SEOUL, May 5 (Yonhap) -- More than 60 percent of South Koreans said they were willing to get COVID-19 vaccine shots, but the number of those who said they would has dropped compared with in March, a survey showed Wednesday.
Of 943 unvaccinated respondents, 61.4 percent said they were willing to be inoculated, while 19.6 percent said they would not receive one, according to a Hankook Research survey commissioned by the government.
The survey was conducted on 1,000 adults over age 18 from April 27-29.
Compared with the previous survey carried out in March, the number of people who said they would get the shots dropped by 6.6 percentage points. Those who answered they refuse to be vaccinated rose by 6.7 percentage points.
More than 84 percent of the respondents said they were reluctant to get vaccinated because they were worried about the side effects. Nearly 67 percent said they could not trust if the vaccines would work, while 44.8 percent said it is because they have no choice over the vaccine type.
But 89.5 percent of the 57 vaccinated people said they would recommend others receive the shots, up 5.1 percentage points from the March survey. They cited the need to protect their families and form herd immunity, among others.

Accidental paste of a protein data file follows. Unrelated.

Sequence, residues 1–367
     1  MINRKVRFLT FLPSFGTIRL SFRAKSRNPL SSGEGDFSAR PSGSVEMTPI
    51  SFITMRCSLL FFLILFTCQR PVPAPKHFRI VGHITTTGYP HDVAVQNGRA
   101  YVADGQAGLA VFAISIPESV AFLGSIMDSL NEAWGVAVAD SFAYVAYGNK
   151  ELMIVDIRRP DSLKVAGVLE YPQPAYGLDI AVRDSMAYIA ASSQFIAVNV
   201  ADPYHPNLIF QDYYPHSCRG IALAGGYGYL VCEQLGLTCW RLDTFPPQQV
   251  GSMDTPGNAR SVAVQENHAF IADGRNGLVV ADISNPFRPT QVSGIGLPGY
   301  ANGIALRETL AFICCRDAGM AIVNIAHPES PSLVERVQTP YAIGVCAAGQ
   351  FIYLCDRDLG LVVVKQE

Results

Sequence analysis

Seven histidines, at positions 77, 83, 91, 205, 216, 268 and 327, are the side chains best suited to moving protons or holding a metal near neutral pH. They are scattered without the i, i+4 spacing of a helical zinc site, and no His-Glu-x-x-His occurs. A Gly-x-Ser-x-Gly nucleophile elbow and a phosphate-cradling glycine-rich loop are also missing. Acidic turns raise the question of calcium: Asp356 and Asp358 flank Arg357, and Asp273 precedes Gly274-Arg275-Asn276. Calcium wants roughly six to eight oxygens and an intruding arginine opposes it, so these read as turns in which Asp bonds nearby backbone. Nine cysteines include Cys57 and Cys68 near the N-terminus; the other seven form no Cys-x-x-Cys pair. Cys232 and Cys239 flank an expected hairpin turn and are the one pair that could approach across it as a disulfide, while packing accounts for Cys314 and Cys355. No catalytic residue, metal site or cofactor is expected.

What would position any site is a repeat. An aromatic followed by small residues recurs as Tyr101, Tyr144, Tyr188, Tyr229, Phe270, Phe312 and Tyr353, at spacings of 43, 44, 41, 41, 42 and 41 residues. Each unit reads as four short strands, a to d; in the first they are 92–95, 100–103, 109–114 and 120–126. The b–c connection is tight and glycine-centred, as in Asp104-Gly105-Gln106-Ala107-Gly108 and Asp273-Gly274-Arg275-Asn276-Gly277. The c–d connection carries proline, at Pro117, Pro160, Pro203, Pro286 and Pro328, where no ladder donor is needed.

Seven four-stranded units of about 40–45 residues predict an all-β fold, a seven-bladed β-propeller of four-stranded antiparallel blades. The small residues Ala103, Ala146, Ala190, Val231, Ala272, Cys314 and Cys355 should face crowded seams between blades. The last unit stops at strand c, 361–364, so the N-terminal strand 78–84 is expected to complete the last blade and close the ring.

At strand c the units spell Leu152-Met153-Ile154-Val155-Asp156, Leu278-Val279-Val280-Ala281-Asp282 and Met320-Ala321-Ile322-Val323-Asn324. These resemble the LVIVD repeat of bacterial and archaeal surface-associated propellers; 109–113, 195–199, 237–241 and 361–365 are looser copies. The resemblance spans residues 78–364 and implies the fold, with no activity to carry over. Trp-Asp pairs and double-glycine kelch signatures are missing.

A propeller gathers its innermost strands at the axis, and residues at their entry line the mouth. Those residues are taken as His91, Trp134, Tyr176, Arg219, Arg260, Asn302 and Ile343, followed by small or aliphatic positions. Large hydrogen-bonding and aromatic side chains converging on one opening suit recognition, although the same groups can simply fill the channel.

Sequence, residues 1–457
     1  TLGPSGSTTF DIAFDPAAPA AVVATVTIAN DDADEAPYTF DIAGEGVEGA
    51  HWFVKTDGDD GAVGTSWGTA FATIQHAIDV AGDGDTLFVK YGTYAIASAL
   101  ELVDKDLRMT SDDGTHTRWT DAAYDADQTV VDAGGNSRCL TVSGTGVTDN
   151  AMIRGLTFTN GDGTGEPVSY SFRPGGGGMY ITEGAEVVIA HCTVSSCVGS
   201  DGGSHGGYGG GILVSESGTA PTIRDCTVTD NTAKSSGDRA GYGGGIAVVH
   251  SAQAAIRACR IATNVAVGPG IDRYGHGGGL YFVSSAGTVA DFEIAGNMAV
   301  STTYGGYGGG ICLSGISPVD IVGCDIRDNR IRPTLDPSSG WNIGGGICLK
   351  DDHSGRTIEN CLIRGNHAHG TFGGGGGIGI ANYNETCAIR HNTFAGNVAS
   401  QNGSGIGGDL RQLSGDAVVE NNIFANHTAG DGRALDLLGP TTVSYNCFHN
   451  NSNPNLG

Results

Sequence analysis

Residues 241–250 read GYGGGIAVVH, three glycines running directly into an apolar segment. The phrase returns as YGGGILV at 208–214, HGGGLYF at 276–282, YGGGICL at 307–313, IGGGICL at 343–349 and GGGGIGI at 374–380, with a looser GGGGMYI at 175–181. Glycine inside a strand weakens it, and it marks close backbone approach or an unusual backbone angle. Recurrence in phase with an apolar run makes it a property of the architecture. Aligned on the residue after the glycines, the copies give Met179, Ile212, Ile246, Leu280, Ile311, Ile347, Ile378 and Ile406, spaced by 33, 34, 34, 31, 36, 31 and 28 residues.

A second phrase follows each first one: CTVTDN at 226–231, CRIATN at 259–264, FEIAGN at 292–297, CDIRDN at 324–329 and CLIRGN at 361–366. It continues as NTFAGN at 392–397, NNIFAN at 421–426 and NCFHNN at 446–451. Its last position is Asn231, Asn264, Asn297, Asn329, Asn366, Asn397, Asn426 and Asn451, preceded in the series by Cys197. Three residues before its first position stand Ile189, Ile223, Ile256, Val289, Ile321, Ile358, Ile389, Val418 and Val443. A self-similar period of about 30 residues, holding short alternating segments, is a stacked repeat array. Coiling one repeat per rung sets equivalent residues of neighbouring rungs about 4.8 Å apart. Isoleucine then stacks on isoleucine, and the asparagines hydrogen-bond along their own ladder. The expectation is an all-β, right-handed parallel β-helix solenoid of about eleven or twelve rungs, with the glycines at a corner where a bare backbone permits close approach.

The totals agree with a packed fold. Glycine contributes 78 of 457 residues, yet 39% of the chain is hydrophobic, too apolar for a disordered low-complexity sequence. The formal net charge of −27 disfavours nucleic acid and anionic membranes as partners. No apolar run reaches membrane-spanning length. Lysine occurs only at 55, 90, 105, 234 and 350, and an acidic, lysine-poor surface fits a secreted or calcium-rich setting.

The government plans to achieve its 70 percent national vaccination target based on the first doses by September and create herd immunity by November.
Yoon Tae-ho, chief of the Central Disaster Management Headquarters, said the rise in the vaccine recommendation rate is encouraging and that the public perception will naturally change as more people will get the vaccines and that will hopefully lead to more recommendations.
"The government will make efforts to step up support and guidance regarding the excessive concerns about the side effects," Yoon said.
The survey also found that 82.9 percent of the respondents would agree with the government on a further tightening of distancing rules.
Of the respondents, 97.3 percent said they always wear a mask and 84.6 percent said they feel stressed by the prolonged pandemic.